I can understand the reasons for it, but I think cutting newsroom copy editors is a bad idea.
Yes, newspapers need to cut costs to keep going – or, more properly, to keep profits at levels that make investors and owners happy. Yes, they need to preserve reporters, because they need to fill the newspaper, which still brings in most of the revenue.
The economics are basic: it costs money to have those copy editors’ bums in local newsroom chairs. A centralized desk, serving a number of newspapers, has benefits: fewer people are needed and the centralized staff probably isn’t subject to the same union contracts that cover the home office.
(According to one report, the Toronto Star will replace copy editors that it was paying as much as $85k a year with centralized deskers who top out at $45k. Sorry, but I’ve lost the link; if I track it down, I’ll add it to the post.)
You can see the sense: if I have to cut the newsroom, better to outsource copy editing and page production than to start hacking away at feet-on-the-street reporters.
But the people doing the page production are the newspaper’s last line of defense against the type of sloppiness – grammatical errors, spelling mistakes, tangled syntax and the like – that eat away at credibility. I don’t have anything empirical, but I do have anecdote: Since our local Postmedia daily outsourced its page production, typos and grammatical errors have increased. You won’t find an error on every page, or even in every section, but the number is growing. It’s off-putting in a high-level, professional publication and, I’m sure, annoying to those still in the newsroom.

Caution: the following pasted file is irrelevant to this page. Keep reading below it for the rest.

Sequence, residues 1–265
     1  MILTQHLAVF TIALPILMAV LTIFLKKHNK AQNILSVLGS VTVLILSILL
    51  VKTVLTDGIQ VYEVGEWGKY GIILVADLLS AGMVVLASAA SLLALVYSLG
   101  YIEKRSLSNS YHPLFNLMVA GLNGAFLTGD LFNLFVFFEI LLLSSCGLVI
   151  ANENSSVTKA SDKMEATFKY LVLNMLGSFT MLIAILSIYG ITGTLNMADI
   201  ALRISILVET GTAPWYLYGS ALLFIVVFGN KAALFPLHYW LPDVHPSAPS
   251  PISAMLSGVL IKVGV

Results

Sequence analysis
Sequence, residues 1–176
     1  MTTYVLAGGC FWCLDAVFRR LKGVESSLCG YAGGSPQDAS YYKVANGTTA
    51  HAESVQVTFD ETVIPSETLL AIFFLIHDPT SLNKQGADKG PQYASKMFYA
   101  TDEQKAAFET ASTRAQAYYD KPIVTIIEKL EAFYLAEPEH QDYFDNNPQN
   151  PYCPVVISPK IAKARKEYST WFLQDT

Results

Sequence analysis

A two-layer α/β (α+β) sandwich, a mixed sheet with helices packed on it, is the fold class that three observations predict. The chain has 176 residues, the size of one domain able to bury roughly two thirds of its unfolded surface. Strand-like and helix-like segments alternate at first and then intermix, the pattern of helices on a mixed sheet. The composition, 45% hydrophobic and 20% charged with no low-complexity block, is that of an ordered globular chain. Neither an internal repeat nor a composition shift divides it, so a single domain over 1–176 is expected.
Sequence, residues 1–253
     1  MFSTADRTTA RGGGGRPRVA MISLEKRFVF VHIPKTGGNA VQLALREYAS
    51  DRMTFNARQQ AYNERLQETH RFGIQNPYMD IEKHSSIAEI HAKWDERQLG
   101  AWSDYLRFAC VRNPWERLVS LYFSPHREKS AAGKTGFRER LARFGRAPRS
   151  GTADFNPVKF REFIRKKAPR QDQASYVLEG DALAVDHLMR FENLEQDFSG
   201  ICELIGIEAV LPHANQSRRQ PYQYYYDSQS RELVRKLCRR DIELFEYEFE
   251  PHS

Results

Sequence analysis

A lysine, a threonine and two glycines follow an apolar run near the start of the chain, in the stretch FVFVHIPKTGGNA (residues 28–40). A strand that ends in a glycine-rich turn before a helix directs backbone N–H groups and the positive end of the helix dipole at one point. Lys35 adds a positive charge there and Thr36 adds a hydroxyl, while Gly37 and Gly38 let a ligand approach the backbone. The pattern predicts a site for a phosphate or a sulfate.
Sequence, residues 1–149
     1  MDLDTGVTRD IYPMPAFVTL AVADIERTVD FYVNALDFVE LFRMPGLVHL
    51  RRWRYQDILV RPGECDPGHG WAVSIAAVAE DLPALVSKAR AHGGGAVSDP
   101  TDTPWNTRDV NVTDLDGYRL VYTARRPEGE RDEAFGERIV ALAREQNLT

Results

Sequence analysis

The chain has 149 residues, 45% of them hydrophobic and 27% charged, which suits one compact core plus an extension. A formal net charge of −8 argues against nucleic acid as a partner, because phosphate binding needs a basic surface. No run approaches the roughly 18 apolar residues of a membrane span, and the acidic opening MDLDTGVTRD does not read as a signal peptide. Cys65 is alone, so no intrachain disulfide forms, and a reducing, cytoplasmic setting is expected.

(Online is worse: I recently read a website report from the same daily that had four grafs and four grammatical errors.)
I think there’s long-term pain – beyond the loss of jobs – for newspapers if they can’t find a way to maintain the quality we’ve come to expect. It’s no secret that good, strong writing comes from writers (who also report), editors, copy editors, fact-checkers and proofreaders. Newspapers have traditionally collapsed a lot of that editing power into the individuals on the desk, making those people vital to quality. So far, here in Vancouver, cutting that editing power and outsourcing it to strangers has created problems. They’re minor, but they are problems.
Maybe I’m making too much of this. Maybe most newspaper readers react to the occasional glitch, typo or howler with shrug. Or maybe I’ve reached the age of crankiness and am only a step away from being the guy who mails editors envelopes stuffed with clippings with the missteps circled in red.
On the other hand, maybe those slips that make their way into print, and the slips that less-than-attentive (and possibly overworked) central deskers introduce, a little at a time, nibbling at the credibility and authority that newspapers desperately need.
Update: Just after finishing this, I came across Lopping off Limbs by John Gordon Miller, which makes much stronger case for copy editors.